This old man carving provides the added challenge of carving crossed hands, a wide leg stance, and ears.
I started this carving tutorial while hanging out on the beach—so you will get to enjoy a few outdoor pictures.
I love carving at the shore (what we call the beach in New Jersey) because the humidity from the ocean makes the wood so soft and easy to carve. I easily carried my supplies in a Zip Lock bag (knife, homemade mini-strop, and wood block). I did forget my magic marker, but had a pencil in my beach bag. So my guidelines are a little lighter for this tutorial.
Carving little caricatures is a great way to experiment with different expressions and stances that you can easily adapt for larger pieces. Plus they carve up fast, which is great for those who like to jump from one project to another quickly!
To make this little old man carving, you will need a wood block that is 1 x 1 x 4 inches (2.5 x 2.5 x 10.2 cm). You may have toincrease the size of the template with a photocopier to fit your wood block. Want to go bigger? Simply double or triple the measurements.
I prefer basswood for most of my caricature carvings. Since I used the flat plane carving style in some places on this piece, I used a knife with a straight edge and a long blade (1 7/8 inches). But feel free to use whatever knife you prefer!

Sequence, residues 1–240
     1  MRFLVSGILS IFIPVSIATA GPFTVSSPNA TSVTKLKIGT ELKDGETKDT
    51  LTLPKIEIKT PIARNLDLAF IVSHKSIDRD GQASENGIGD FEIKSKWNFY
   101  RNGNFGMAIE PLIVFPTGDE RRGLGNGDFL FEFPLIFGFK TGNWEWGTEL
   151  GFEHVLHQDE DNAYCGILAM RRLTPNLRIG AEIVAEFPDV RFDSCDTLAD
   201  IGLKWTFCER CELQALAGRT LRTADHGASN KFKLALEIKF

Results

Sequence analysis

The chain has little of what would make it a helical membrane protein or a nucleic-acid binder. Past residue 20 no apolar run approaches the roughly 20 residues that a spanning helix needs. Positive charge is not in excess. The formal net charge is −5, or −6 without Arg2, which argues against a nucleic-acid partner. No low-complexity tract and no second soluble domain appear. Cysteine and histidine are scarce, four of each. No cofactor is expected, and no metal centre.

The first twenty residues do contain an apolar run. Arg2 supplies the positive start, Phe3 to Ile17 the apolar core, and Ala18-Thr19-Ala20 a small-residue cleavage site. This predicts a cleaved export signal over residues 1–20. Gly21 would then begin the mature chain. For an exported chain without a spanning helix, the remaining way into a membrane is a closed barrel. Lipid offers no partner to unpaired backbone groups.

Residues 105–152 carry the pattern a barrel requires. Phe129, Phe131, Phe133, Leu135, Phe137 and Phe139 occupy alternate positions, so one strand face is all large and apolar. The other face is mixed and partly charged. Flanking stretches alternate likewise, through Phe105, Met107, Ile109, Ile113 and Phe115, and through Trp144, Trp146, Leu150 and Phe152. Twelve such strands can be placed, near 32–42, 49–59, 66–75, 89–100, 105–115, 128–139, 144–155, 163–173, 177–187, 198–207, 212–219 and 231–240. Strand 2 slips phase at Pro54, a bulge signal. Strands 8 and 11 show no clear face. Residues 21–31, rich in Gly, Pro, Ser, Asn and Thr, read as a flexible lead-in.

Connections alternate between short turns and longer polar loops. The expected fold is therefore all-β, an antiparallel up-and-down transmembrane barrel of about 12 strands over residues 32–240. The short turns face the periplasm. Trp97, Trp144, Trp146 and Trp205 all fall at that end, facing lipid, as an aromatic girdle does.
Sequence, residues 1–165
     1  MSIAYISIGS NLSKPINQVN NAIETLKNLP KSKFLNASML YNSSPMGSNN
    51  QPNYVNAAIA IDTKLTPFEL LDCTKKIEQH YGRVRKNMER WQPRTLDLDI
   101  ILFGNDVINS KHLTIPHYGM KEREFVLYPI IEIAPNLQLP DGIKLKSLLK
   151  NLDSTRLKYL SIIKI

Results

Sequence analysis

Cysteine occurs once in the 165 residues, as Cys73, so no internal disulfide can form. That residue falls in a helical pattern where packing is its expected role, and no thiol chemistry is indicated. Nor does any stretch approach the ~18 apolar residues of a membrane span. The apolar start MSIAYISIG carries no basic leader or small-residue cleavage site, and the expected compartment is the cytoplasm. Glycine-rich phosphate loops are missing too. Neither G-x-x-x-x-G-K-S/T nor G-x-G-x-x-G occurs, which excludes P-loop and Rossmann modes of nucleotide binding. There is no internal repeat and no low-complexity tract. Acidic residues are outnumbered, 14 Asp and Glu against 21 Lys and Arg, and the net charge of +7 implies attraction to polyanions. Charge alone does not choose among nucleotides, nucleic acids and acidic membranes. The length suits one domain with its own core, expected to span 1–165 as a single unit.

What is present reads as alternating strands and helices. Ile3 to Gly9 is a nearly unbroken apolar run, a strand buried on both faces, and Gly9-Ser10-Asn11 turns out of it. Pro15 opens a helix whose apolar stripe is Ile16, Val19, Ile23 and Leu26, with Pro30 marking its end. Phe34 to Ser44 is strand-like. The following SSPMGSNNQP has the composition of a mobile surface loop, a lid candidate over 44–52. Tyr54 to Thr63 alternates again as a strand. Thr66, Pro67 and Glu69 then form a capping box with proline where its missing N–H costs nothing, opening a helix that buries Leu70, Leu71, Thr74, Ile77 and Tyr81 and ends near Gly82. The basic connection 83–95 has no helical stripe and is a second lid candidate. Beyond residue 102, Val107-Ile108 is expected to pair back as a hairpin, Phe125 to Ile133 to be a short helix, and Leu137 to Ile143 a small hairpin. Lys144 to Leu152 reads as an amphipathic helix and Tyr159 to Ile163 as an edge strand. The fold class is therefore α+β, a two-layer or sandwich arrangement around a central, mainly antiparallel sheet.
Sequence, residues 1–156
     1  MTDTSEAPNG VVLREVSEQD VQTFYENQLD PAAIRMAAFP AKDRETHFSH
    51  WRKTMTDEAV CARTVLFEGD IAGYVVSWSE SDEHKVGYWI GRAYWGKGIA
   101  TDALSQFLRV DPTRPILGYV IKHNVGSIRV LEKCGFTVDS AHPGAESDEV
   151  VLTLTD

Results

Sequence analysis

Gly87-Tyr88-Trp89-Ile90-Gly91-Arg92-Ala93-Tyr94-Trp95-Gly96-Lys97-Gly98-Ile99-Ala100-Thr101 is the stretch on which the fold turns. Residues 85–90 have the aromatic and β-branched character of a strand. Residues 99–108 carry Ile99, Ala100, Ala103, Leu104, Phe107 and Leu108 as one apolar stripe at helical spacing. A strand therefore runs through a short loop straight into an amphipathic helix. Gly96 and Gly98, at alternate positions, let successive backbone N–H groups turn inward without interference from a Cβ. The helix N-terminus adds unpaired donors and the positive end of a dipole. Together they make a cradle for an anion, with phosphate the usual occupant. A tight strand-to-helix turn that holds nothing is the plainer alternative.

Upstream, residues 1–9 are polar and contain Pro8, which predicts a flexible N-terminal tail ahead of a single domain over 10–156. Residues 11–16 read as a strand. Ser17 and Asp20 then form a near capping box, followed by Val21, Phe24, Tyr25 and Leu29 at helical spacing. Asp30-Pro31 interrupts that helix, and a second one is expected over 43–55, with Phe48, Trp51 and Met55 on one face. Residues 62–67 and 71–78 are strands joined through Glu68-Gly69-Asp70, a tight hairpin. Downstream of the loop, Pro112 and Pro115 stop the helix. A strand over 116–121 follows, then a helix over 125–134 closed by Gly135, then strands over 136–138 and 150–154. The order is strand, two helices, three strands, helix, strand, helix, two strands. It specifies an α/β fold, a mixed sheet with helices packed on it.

A ruler, pen (or pencil), and an eraser will be helpful to sketch your guidelines and carving details.
Always carve with a protective glove and something hard to protect your lap from potential, leg artery-slicing knife slips. Accidents can (and do) happen! I carry a super small cutting board in my beach carving bag.
A painting guide is provided at the end to get the same look as my old man carving. You will also be provided with a template and a pattern (for those who want to go bigger and use a bandsaw to create a roughout).
Have fun with this project!
See the major steps for this old man carving tutorial in the short video below.
Use the template provided at the end of this page and trace it onto your wood block. Color in the areas of wood you will remove around the template (photos 1,2)
Extend guidelines around the front to mark the bottom of the head and the top of the shoes (photo 3).
Also, extend guidelines around the back to mark the back bottom of the head and the top of the elbows (photo 4).
These extra guidelines (photos 4,5) will help you know where to make your initial cuts.
Use your knife to separate the head on the front and back. I like to start with stop cuts at each corner (photo 5), then I work my way with additional stop cuts in between the corners. Note that the bottom of the head on the front will be a little lower than the bottom of the head on the back.
Now, remove all the marked wood on the body of your old man carving (photo 6). When you get to the legs and feet, make a stop cut—and remove several layers of wood at one time—below it (photo 7).